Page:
Feb. 2, 2003. 09:31 AM
Rick Frey and daughter Brittney, 10, lead marchers past Robert Pickton's pig farm yesterday.
Flash: The missing women  
Lawyer wants reporters banned (Jan. 15)  
Mystery to lift (Jan. 13)  
Shedding some light on 'Willy' (Jan. 10)  
Pickton faces four more charges (Oct. 2)  
Another missing woman's DNA found (Sept. 17)  
List of missing women grows (Mar. 29)  
Investigation could last year: police (Mar. 21)  
B.C. watchdog won't probe case (Mar. 19)  

Walk honours missing women
Event takes mourners past B.C. pig farm


PORT COQUITLAM, B.C.—On a rainy winter day, in the shadow of a now-infamous pig farm, they shared stories, exchanged hugs and made a vow to never forget.

About 75 family and friends of Vancouver's missing women yesterday came together to honour their sisters, daughters, mothers and wives who are now inextricably linked to what has become Canada's largest-ever serial murder investigation.

The group, some carrying flowers and others holding hands, filed past the property, which a year ago Wednesday was thrust into the spotlight when police descended on the ramshackle six-hectare site to begin a painstaking search.

"It's a very hard thing to come here and see and talk about, but it's important we do it," said Rick Frey, whose daughter, Marnie, vanished in August, 1997, at the age of 24.

"Everyone must know these women weren't disposable. They were loved very much."

Marnie Frey is one of 61 women — predominantly drug addicts and prostitutes — who have gone missing from Vancouver's downtown eastside as far back as the late 1970s.

Pig farmer Robert William Pickton, 53, faces 15 counts of first-degree murder in connection with women who vanished from the neighbourhood since 1997.

His preliminary hearing, which will determine if there's enough evidence for the case to go to trial, enters its fourth week tomorrow in this city, 35 kilometres east of Vancouver.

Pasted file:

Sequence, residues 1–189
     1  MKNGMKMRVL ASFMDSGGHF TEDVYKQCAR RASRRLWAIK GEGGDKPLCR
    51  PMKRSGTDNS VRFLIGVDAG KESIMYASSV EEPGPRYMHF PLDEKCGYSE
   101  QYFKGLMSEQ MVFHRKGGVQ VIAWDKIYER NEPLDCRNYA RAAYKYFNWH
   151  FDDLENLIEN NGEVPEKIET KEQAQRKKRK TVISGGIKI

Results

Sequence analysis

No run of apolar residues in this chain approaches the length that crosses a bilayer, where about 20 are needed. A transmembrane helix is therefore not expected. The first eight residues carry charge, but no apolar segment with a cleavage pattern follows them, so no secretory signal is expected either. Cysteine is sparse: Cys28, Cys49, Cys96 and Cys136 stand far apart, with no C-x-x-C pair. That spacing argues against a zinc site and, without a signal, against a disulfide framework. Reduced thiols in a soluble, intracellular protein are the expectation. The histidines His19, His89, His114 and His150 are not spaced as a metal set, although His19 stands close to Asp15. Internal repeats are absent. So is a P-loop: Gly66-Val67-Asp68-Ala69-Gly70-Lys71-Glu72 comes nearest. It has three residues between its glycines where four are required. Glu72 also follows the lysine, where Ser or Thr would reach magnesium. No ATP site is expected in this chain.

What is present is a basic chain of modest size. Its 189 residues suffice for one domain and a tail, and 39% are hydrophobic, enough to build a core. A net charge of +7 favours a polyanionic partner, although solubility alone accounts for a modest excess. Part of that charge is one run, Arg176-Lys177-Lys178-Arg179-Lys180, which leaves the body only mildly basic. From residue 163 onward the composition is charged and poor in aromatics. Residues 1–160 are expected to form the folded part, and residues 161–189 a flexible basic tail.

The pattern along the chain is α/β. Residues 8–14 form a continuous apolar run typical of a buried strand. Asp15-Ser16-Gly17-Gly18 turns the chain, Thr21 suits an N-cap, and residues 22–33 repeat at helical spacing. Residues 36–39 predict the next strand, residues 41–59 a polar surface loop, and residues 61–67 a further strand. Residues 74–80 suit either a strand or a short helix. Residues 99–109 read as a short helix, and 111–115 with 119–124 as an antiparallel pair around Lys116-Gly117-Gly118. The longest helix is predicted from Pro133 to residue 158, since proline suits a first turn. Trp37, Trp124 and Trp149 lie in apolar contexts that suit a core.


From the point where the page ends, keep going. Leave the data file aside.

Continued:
Details of the proceedings are the subject of a sweeping publication ban.

Marnie Frey is not among Pickton's alleged victims, although her father says police told the family in mid-November that her remains were found on the property.

Police refuse to make any comment on Frey's whereabouts.

"It's the worst nightmare that anyone can ever imagine," Rick Frey told the crowd in a parking lot across from the farm. "We can never ever let something like this happen again."

To that end, Frey and other family and friends of the missing women are trying to raise up to $750,000 to renovate a 10-bedroom home in the nearby community of Maple Ridge and turn it into Legacy House, which would help addicted women turn their lives around.

"We can't bring our women back," said Val Hughes, president of the Missing Women's Legacy Society, which organized yesterday's so-called Forget Me Not Walk.

"But we might be able to prevent some from following their path," said Hughes, whose sister, Kerry Koski, disappeared in 1998.

Koski has not been found, although her older sister is convinced that she's dead.

Money raised by the society — which has a Web site at — will go toward the house.

The funds are intended to not only help the women break their addiction, but also improve their education and training and start a life off the street.

Mary-Anne Benson, in her 30s, didn't know any of the missing women. But she took part in the walk, from the pig farm to the nearby banks of the Pitt River, because she spent time on the streets of Vancouver when she was a teenager and knows how tough it can be.

"These women certainly weren't out to hurt anyone, especially themselves," said Benson. "But it's easy for anyone to get addicted and I know how easily it could have been me."

Additional articles by Daniel Girard

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Updated: August 21, 2016